Paris, or Calais?
The dramatic photo spread recently on Facebook by Pavel Tobiáš' account depicts a highway leading to the French port of Calais, on which the huge cloud of smoke is described as “doctors, scientists, lawyers and managers from developing countries celebrating the arrival of Spring”.
Pavel Tobiáš is probably a Nymburk-based member of the Czech political party Národní Demokracie (National Democracy) whose profile is full of xenophobic and anti-European posts.
Tobiáš used a photo from Calais but wrote that it was taken in Paris, and even added a date – April 19, 2018: The picture got more than 2,440 shares and was even shared by the Slovak party Otvor Oči, Slovensko (Open Up Your Eyes, Slovakia) which secured even more interactions.
Why media keep silent
Tobiáš complains that “mainstream media” kept silent about the photo, but the photo is fake. In fact, the photo was found on Google images on the UPL.com server, which took it over from the Twitter account @vtellier.
The photo really comes from Calais and dates back to July 2015. However, the event itself had nothing to do with immigrants. The picture captures a strike of French employees of the company operating ferries between France and the UK. The employees protested against budgetary cuts by blocking the entrance to the Eurotunnel connecting these two countries with tyres that they set on fire.
They were not immigrants, it was not Paris, and the protest had nothing to do with the current French President Emmanuel Macron as the Czech Facebook post claims.
A photo with brief text is a very effective tool on social media: it does not require as much attention as other stories. The problem is that old pictures often get a new use and are paired with fake background stories and incorrect dates and locations.
The Czech server Parlamentní Listy even tried this with a video taken in February 2017, which closely resembled the Calais photo. The burning tires and clashes with police were attributed to the migration crisis. However, the recording was one year old and described the protest of Paris taxi drivers. Parlamentní Listy were secretive about the photo's background, simply stating “This Is Paris”.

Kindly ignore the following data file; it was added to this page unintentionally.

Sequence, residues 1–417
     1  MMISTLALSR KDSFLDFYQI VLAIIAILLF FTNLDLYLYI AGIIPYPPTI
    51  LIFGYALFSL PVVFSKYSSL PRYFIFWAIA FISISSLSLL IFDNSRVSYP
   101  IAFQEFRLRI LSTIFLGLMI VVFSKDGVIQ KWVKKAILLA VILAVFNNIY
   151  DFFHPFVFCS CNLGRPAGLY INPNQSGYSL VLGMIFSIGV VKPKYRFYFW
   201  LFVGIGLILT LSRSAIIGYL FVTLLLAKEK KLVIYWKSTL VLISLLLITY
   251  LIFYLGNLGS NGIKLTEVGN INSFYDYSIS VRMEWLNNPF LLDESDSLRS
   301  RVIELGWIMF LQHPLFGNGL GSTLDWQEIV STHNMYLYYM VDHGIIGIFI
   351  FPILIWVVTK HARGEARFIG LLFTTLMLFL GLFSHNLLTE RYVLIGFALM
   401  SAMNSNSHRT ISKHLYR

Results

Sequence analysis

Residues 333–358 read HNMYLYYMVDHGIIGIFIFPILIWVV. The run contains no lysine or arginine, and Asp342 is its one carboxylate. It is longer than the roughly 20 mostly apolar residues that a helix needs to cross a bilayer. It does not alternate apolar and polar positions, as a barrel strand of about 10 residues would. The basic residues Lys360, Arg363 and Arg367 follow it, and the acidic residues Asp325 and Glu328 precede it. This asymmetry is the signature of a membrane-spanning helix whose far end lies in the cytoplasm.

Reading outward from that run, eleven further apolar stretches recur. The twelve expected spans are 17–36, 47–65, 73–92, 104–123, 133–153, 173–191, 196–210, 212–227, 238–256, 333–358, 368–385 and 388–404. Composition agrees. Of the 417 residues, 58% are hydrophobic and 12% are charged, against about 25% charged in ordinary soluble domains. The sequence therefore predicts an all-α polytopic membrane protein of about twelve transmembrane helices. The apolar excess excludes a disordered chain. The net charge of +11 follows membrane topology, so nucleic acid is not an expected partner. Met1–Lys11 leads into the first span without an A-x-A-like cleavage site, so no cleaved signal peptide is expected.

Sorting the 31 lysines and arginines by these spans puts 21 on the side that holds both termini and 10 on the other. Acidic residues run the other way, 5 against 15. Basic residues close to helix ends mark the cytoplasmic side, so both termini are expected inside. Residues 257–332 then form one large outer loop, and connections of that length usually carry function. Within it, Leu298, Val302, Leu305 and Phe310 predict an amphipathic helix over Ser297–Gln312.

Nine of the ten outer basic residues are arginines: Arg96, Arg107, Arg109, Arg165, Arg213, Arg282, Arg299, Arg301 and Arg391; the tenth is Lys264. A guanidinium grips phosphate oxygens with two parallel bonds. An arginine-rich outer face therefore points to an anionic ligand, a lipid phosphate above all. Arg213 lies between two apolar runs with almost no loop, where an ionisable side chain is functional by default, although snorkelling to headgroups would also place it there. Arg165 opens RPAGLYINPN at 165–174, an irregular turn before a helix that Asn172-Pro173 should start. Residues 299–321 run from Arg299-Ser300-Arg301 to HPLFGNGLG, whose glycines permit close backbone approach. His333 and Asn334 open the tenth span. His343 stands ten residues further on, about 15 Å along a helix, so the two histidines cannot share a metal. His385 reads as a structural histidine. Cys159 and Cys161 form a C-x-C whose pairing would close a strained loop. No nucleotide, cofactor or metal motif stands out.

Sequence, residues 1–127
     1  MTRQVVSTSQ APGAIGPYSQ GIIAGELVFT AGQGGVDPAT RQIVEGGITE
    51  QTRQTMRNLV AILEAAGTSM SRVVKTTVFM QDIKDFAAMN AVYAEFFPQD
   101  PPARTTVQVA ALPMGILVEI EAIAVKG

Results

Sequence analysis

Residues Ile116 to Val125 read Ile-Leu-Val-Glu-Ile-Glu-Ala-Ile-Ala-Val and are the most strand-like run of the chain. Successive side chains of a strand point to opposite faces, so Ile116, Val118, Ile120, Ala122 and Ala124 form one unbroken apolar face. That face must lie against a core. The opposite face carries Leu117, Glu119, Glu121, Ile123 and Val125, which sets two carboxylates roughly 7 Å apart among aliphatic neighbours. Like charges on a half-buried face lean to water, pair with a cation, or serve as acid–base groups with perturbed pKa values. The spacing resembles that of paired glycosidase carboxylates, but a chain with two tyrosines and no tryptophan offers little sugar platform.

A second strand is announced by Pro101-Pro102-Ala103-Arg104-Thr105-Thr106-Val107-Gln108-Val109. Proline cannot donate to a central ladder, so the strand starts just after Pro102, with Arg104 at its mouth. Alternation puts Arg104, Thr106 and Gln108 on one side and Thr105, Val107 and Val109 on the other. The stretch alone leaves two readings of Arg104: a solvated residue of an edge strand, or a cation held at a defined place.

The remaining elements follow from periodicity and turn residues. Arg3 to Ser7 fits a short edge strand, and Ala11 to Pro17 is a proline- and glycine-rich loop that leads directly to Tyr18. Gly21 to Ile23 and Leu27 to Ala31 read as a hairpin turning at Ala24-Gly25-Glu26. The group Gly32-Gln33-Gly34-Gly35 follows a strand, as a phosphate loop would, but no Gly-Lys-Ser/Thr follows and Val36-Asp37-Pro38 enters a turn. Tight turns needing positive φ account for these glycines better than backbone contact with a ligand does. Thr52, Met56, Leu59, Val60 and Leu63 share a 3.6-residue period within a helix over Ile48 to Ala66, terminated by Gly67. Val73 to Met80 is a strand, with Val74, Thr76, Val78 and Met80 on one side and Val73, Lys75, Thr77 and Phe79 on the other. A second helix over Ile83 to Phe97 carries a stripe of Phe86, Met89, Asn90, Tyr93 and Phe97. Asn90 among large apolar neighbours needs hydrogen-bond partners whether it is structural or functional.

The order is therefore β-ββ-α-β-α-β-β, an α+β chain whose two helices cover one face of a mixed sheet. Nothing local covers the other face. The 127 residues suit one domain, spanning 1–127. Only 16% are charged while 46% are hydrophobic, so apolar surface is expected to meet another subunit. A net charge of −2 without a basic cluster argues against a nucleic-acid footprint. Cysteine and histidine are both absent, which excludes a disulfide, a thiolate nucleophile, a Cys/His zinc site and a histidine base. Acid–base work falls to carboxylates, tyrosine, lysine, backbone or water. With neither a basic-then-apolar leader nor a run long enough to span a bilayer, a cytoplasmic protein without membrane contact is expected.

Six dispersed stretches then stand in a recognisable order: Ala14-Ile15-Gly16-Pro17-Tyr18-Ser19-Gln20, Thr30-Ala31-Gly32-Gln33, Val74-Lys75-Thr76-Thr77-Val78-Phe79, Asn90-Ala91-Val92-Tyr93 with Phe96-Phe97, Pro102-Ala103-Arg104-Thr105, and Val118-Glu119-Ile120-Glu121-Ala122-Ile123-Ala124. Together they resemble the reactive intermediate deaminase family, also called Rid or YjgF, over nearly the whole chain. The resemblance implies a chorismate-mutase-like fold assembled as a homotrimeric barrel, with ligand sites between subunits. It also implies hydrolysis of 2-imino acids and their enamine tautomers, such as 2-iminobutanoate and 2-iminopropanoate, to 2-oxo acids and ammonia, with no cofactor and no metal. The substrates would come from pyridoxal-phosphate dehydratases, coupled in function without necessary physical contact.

Sand can be magnetic, even without Soros
The Ružomberok branch of the extreme right party ĽSNS and the Facebook site Chemtrails Slovensko claimed that the sand of the Sahara which recently plagued Europe, including Slovakia, was reacting to a magnet. “Thus, the questions arises what the dust plaguing Slovakia really contains?” ĽSNS asked. It took samples in various places in the country and sent them to experts in laboratories for analysis.
At that time, the most successful video on the conspiracy scene, according to the blbec.online website, was a video from Italy whose author also analysed the sand brought by rain to Europe in April. The video also spread thanks to Slovak Facebook group, Chemtrails Slovensko.
It is not nature – but it could be
Meteorologists explain that the rain mixed with Sahara sand was caused by the depression that deepened in northern Africa and moved, with clouds, through Italy to northern Europe, partially hitting Slovakia. Experts say this is nothing unusual: if a sandstorm in the Sahara is connected with strong south-western airflow, the storm brings the fine sand into the atmosphere and the south-western wind takes it all the way to sovereign countries in unwitting Europe, where it falls with the rain.
The second mystery, the magnetism, is due to the composition of rocks in the region where the sand has originated, as it is the result of the erosion of minerals and rocks. Thus, the sand on the Croatian coast is different than the sand in Šajdíkove Humence, a landlocked village in Slovakia which has different sand, again, from the Sahara.
If the ground in the place where the sand originated contains rocks that include, for example, cobalt, nickel, or iron, it's entirely possible for the sand to react to a magnetic field.
Ironically, both the ĽSNS members and the author of the Chemtrails’ video tested the sand on the metal roof of a car.
The Sahara sand case evoked the Occam’ razor – a principle which states that when presented with competing hypothetical answers to a problem, one should select the one that makes the fewest assumptions. This implies that when facing sand magnetism, we should prefer the simple and satisfying explanation in line with the laws of nature. However, some still gravitate toward explanations that involve mysterious factors and actors like George Soros, who allegedly manipulated the Sahara sand.
7. May 2018 at 19:01 | Compiled by Spectator staff